Much digital ink has been spilled in the past few months in the debate over the U.S. export of liquefied natural gas - LNG. Companies such as Cheniere Energy (LNG), ConocoPhillips (COP), Exxon Mobil (XOM), and Sempra Energy (SRE) all stand to benefit enormously from the export of LNG. These companies intend to profit from the arbitrage opportunities that exist between the U.S. where natural gas is approximately $3.60/million BTU and Europe ($12-14 per million BTU) or Japan ($14+ per million BTU). Frequently lost amidst the story of LNG export approvals is the expansion of maritime uses of LNG and a drastic increase in the number of LNG tankers under construction.
Although the first LNG powered vessel was launched nearly 10 years ago by Norwegian shipbuilder Kleven Shipyard, the technology is only just now beginning to make inroads into shipping fleets. The past few years have witnessed a sharp increase in the amount of LNG powered vessels put on order with some of those vessels just now beginning to enter service. Operators and environmentalists have found common ground in the introduction of LNG powered ships. Today's LNG vessels utilize approximately 25% less fuel than their traditional marine diesel oil burning counterparts and emit 24% less CO2, 84% NOx, 100% less SOx and 95% less particulate matter. Due to their efficiency, shippers have begun to embrace the vessels in capacities ranging from self-powered barges to tugboats to forage carriers to container ships.
Earlier this year the Central Commission for the Navigation of the Rhine and the United Nations Economic Commission for Europe granted permission for LNG fueled vessels to operate on international inland waterways. As a result, shippers have begun to introduce LNG powered barges and tugs into their fleets. Just yesterday (December 12, 2012) the first refueling of an LNG barge in a Belgian port was performed in the Port of Antwerp, the second largest port in Europe by total freight shipped. Last week, General Dynamics (GD) announced the finalization of a contract for the design and construction of two 764-foot LNG powered container ships to operate between Jacksonville, FL, and San Juan, Puerto Rico. General Dynamics also has an option for three more LNG powered vessels. This increased utilization of LNG as a marine fuel will help drive worldwide demand for LNG and enable producers and oil field service companies to recognize even greater profits.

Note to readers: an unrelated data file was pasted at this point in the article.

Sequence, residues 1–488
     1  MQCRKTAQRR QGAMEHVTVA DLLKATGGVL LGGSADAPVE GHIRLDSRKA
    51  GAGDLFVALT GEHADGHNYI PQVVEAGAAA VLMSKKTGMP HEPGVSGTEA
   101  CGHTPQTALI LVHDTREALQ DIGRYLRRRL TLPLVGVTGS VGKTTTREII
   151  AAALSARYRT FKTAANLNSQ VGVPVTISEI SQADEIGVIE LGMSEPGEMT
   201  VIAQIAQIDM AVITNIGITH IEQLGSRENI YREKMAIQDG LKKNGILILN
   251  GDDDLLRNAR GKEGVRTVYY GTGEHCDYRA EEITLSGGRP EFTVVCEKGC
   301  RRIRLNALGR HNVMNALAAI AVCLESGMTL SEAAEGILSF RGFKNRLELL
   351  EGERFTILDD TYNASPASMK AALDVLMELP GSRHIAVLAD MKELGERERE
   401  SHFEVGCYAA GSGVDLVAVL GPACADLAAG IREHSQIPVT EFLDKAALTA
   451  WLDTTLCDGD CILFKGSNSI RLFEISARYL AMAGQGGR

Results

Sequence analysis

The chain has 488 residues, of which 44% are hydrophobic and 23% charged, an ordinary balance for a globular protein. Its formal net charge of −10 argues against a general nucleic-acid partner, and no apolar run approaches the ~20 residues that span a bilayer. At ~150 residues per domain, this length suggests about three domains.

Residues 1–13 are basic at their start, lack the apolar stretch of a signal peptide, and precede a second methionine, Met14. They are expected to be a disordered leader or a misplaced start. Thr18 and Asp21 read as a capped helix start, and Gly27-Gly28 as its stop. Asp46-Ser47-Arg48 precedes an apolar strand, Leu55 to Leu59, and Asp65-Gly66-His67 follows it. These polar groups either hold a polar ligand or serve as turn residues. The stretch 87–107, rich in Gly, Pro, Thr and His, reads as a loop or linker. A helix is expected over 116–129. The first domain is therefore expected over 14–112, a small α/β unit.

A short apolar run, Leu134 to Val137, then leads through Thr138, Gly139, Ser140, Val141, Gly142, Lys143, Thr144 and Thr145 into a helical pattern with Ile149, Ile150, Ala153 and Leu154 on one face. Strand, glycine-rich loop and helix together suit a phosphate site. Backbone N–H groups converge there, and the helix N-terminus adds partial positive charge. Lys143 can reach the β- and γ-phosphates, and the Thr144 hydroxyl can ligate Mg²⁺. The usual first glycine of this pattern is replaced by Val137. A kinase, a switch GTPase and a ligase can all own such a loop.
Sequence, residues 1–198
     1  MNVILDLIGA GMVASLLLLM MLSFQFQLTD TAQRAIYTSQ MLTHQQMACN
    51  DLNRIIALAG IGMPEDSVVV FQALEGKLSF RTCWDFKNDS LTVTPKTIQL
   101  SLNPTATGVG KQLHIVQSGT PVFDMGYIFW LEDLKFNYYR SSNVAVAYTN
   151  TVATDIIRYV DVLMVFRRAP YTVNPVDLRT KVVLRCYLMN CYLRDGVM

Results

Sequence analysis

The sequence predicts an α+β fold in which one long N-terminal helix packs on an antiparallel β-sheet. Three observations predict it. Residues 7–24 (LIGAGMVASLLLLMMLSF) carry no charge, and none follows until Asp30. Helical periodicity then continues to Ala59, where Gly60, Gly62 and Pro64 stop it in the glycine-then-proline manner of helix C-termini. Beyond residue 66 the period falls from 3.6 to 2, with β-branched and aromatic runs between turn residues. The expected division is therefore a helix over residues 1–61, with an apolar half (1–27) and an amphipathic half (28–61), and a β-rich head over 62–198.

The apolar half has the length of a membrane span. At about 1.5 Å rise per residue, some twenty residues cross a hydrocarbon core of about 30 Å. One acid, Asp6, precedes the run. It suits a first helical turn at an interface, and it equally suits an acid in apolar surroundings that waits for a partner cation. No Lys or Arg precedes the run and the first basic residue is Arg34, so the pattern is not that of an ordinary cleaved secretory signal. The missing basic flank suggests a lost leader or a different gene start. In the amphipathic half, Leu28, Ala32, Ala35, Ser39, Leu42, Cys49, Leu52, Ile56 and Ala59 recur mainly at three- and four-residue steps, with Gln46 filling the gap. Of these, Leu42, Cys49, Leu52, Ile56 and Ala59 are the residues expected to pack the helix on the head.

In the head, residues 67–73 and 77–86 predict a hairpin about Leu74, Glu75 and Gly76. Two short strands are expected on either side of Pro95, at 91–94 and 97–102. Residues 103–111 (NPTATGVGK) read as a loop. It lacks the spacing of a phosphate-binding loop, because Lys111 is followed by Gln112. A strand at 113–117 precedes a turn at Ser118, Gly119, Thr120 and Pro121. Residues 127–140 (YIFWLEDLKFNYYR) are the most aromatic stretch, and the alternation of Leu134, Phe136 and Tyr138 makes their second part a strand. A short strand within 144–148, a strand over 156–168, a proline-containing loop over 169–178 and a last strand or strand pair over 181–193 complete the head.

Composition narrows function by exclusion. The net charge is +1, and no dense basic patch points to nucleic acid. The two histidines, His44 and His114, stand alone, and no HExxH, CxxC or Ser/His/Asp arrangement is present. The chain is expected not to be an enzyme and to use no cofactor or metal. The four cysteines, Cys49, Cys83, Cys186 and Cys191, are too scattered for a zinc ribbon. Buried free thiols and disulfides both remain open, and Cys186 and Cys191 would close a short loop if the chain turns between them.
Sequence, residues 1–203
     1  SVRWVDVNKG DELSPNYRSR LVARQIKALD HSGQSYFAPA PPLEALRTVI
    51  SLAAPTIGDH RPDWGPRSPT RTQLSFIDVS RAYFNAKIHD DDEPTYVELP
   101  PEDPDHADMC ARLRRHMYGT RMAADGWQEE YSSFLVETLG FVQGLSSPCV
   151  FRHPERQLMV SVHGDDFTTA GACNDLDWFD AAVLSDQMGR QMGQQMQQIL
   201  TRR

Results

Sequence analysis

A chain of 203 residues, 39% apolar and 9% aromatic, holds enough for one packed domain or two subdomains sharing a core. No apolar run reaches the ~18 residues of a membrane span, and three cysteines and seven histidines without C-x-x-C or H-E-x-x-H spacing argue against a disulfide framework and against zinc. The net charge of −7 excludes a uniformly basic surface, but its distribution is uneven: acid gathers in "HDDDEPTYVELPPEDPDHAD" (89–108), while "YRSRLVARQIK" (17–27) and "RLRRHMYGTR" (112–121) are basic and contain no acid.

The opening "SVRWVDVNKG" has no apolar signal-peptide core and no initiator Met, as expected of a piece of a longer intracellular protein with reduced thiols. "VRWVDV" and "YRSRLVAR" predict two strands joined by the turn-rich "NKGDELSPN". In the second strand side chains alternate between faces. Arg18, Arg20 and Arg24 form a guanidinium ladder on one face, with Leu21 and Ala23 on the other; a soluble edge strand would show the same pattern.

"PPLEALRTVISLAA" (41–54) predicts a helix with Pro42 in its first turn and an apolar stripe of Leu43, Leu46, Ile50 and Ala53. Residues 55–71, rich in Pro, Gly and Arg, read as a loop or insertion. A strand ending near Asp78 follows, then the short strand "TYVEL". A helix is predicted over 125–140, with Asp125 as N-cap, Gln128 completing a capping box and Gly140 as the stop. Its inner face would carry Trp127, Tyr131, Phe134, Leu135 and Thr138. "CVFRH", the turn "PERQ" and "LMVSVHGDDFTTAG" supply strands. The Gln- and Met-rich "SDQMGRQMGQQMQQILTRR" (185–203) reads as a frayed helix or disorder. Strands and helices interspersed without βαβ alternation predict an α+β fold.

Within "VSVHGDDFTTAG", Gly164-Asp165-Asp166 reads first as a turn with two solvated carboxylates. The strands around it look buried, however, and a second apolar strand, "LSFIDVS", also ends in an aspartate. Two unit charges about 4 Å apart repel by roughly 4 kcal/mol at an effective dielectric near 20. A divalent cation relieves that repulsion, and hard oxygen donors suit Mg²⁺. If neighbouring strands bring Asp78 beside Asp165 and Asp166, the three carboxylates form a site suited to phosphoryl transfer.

In the short to mid-term, there exists an opportunity for LNG exporters to further profit from LNG arbitrage as the number of LNG tankers coming out of shipyards exceeds the capacity of LNG exporting facilities. Analysts estimate that day-rates for short-term contracts will fall from a record $150,000 this year to $110,000 next year. The rates will most likely surge higher as Cheniere Energy and others bring their export facilities online, but until then the potential for even higher profits exists as transportation costs have fallen nearly 27%. With transportation costs representing approximately 30% (with the liquefaction process accounting for another 30% and the natural gas around 40%) of an exporter's total costs, a 27% transportation savings is quite significant. Unfortunately for U.S. exporters, their export capacity won't come online until 2014 or 2015 when export capacity and transport capacity are predicted to balance out and rates return to normal.
The prospect for both increased profitability in the short-term as transportation costs temporarily fall and long-term as more LNG powered vessels drive increased demand for natural gas should be heartening for investors. Numerous approaches exist to tapping into the LNG revolution. Investors can choose the exporters themselves - Cheniere, Exxon Mobil, Dominion (D) and Sempra along with a few privately funded ventures such as Freeport LNG. Barring unforeseen delays, Cheniere will be the first to bring its export facilities online and open the floodgates of U.S. LNG to foreign buyers. Or investors can choose an upstream producer such as Conoco Phillips (which incidentally has a 50% stake in Freeport LNG), BP (BP) or Chevron (CVX). Finally, investors can choose to profit at the midstream level such as Kinder Morgan Energy Partners, LP (KMP) or with service companies like C&J Energy Services (CJES), Halliburton (HAL) or Schlumberger (SLB).
Each of the above companies present various investing options ranging from limited partnerships with preferential tax treatment (Kinder Morgan) to blue chip energy giants (Exxon Mobil) to growth oriented companies (C&J Energy Services). Regardless, the LNG market is poised to grow even more rapidly than it has in the past few years and investors would be well advised to consider adding an LNG play to their portfolio.